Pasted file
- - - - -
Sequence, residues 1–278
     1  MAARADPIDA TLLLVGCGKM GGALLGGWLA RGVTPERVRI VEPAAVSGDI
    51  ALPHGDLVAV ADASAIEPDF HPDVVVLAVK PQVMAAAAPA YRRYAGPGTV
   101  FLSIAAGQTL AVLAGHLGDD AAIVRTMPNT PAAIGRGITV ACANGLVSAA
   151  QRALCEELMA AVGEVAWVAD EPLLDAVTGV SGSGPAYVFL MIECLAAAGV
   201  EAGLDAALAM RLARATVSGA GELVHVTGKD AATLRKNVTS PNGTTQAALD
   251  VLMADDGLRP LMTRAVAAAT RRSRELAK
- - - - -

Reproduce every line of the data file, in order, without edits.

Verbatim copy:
Sequence, residues 1–278
     1  MAARADPIDA TLLLVGCGKM GGALLGGWLA RGVTPERVRI VEPAAVSGDI
    51  ALPHGDLVAV ADASAIEPDF HPDVVVLAVK PQVMAAAAPA YRRYAGPGTV
   101  FLSIAAGQTL AVLAGHLGDD AAIVRTMPNT PAAIGRGITV ACANGLVSAA
   151  QRALCEELMA AVGEVAWVAD EPLLDAVTGV SGSGPAYVFL MIECLAAAGV
   201  EAGLDAALAM RLARATVSGA GELVHVTGKD AATLRKNVTS PNGTTQAALD
   251  VLMADDGLRP LMTRAVAAAT RRSRELAK